(3) A third-class medical certificate (i) Under age 40 a recreational pilot certificate, a private pilot certificate, a flight instructor certificate (when acting as pilot in command or a required pilot flight crewmember in operations other than glider or balloon), a student pilot certificate, or a sport pilot certificate (when not using a U.S. driver's license as medical qualification) 60th month after the month of the date of examination shown on the medical certificate.
  (ii) Age 40 or older a recreational pilot certificate, a private pilot certificate, a flight instructor certificate (when acting as pilot in command or a required pilot flight crewmember in operations other than glider or balloon), a student pilot certificate, or a sport pilot certificate (when not using a U.S. driver's license as medical qualification) 24th month after the month of the date of examination shown on the medical certificate.

 

 

BasicMed

On July 15, 2016, Congress passed legislation to extend the FAA's funding. This legislation, FAA Extension, Safety, Security Act of 2016 (FESSA) includes relief from holding an FAA medical certificate for certain pilots. This relief is called BasicMed.

When can I fly under BasicMed?

If you meet the BasicMed requirements, you can operate under BasicMed (without an FAA medical certificate) right now!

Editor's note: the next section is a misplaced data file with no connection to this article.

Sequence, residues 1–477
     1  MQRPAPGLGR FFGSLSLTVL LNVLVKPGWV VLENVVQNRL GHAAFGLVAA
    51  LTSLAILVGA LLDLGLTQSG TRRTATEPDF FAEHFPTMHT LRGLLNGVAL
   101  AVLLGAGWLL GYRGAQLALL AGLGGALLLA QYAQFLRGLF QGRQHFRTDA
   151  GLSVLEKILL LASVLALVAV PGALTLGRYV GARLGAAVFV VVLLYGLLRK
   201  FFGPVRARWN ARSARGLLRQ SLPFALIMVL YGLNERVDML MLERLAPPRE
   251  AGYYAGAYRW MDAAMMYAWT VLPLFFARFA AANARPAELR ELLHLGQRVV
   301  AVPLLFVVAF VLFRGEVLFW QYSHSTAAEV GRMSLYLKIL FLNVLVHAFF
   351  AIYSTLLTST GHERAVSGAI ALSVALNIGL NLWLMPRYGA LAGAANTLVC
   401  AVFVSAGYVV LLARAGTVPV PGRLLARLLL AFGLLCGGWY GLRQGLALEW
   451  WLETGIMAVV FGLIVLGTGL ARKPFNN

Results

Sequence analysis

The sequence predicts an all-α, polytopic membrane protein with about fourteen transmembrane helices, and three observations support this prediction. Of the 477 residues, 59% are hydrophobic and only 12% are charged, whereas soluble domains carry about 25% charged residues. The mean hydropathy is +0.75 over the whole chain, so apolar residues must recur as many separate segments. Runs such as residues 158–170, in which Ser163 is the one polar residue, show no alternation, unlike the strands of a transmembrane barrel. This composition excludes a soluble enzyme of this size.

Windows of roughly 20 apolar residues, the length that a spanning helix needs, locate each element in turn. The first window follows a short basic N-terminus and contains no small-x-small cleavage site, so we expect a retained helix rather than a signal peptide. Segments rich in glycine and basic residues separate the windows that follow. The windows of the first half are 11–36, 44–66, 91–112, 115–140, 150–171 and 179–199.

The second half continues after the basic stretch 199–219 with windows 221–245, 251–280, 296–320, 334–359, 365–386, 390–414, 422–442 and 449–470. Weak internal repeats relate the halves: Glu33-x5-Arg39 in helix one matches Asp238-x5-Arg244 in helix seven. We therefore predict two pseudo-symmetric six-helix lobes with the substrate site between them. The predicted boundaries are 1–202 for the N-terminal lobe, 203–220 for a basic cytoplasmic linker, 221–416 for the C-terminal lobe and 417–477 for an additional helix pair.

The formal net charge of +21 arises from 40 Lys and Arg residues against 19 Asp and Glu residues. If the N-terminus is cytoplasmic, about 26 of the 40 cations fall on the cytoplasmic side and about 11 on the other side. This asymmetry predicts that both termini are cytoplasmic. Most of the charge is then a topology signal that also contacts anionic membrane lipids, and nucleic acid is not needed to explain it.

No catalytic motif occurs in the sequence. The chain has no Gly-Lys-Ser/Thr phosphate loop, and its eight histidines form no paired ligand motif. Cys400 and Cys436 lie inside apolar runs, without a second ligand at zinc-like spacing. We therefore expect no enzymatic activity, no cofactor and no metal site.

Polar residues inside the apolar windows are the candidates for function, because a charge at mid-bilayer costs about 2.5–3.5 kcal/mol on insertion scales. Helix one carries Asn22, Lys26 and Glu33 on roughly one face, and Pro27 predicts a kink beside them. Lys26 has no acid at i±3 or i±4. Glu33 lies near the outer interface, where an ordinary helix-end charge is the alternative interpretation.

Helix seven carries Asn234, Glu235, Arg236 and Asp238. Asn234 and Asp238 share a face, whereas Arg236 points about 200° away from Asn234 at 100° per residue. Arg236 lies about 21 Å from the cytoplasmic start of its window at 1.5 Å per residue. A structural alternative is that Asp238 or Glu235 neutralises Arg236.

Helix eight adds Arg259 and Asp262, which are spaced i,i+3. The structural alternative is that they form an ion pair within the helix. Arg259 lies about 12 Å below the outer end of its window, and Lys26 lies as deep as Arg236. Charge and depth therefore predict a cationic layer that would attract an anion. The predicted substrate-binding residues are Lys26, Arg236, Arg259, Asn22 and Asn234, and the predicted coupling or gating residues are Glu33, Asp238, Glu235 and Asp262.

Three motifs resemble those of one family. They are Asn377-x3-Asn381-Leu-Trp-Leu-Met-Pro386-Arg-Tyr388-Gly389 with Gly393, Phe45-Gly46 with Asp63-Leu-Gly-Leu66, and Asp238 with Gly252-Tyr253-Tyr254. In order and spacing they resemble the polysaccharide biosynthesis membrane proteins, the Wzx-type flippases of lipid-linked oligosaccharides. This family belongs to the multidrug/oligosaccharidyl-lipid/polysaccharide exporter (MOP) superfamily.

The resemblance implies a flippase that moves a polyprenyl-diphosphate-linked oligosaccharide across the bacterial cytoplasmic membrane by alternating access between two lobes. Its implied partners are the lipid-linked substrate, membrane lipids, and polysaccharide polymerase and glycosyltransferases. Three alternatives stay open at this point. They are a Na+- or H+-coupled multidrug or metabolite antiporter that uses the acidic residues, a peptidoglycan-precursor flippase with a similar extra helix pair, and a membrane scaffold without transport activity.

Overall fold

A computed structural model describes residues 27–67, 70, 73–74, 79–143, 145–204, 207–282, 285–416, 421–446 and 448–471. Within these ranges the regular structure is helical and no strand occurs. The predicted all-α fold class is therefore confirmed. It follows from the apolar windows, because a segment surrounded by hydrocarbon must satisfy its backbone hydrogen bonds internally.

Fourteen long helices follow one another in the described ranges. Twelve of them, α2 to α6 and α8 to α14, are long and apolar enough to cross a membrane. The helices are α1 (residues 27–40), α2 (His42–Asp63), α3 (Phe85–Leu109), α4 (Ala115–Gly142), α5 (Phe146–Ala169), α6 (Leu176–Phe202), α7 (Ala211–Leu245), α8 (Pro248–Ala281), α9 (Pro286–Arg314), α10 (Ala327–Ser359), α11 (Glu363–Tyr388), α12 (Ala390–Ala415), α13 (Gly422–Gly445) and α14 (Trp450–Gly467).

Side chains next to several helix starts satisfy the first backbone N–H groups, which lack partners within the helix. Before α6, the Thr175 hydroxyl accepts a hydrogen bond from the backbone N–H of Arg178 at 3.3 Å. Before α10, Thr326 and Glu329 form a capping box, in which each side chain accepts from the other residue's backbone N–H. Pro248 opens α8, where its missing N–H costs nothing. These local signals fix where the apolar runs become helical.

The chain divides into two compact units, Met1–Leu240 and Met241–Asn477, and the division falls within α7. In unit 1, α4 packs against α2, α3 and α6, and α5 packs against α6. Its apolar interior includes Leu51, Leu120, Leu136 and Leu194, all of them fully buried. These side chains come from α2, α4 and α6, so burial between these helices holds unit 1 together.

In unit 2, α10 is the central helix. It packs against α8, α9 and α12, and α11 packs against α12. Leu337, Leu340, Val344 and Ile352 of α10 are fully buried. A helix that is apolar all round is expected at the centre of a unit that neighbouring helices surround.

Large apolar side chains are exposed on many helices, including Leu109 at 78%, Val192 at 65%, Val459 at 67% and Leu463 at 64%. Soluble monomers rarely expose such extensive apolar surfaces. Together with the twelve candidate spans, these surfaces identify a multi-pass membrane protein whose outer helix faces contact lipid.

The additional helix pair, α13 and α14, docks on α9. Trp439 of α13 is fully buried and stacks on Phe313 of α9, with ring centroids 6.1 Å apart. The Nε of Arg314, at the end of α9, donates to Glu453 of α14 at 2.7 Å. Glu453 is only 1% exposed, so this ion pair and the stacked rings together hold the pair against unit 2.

What do I need to do to fly under BasicMed?

  1. Comply with the general BasicMed requirements (possess a U.S. driver's license, have held a medical after July 14, 2006).
  2. Get a physical exam with a state-licensed physician, using the Comprehensive Medical Examination Checklist
  3. Complete a BasicMed medical education course;
  4. Go fly!

Aircraft Requirements

  • Any aircraft authorized under federal law to carry not more than 6 occupants
  • Has a maximum certificated takeoff weight of not more than 6,000 pounds

Operating Requirements

  • Carries not more than five passengers
  • Operates under VFR or IFR, within the United States, at less than 18,000 feet MSL, not exceeding 250 knots.
  • Flight not operated for compensation or hire

Medical Conditions Requiring One Special Issuance Before Operating under BasicMed

  1. A mental health disorder, limited to an established medical history or clinical diagnosis of—
  2. A personality disorder that is severe enough to have repeatedly manifested itself by overt acts;
  3. A psychosis, defined as a case in which an individual —
  4. Has manifested delusions, hallucinations, grossly bizarre or disorganized behavior, or other commonly accepted symptoms of psychosis; or
  5. May reasonably be expected to manifest delusions, hallucinations, grossly bizarre or disorganized behavior, or other commonly accepted symptoms of psychosis;
  6. A bipolar disorder; or
  7. A substance dependence within the previous 2 years, as defined in §67.307(a)(4) of 14 Code of Federal Regulations
  8. A neurological disorder, limited to an established medical history or clinical diagnosis of any of the following:
  9. Epilepsy;
  10. Disturbance of consciousness without satisfactory medical explanation of the cause; or
  11. A transient loss of control of nervous system functions without satisfactory medical explanation of the cause.
  12. A cardiovascular condition, limited to a one-time special issuance for each diagnosis of the following:
  13. Myocardial infarction;
  14. Coronary heart disease that has required treatment;
  15. Cardiac valve replacement; or
  16. Heart replacement.

BasicMed Online Medical Courses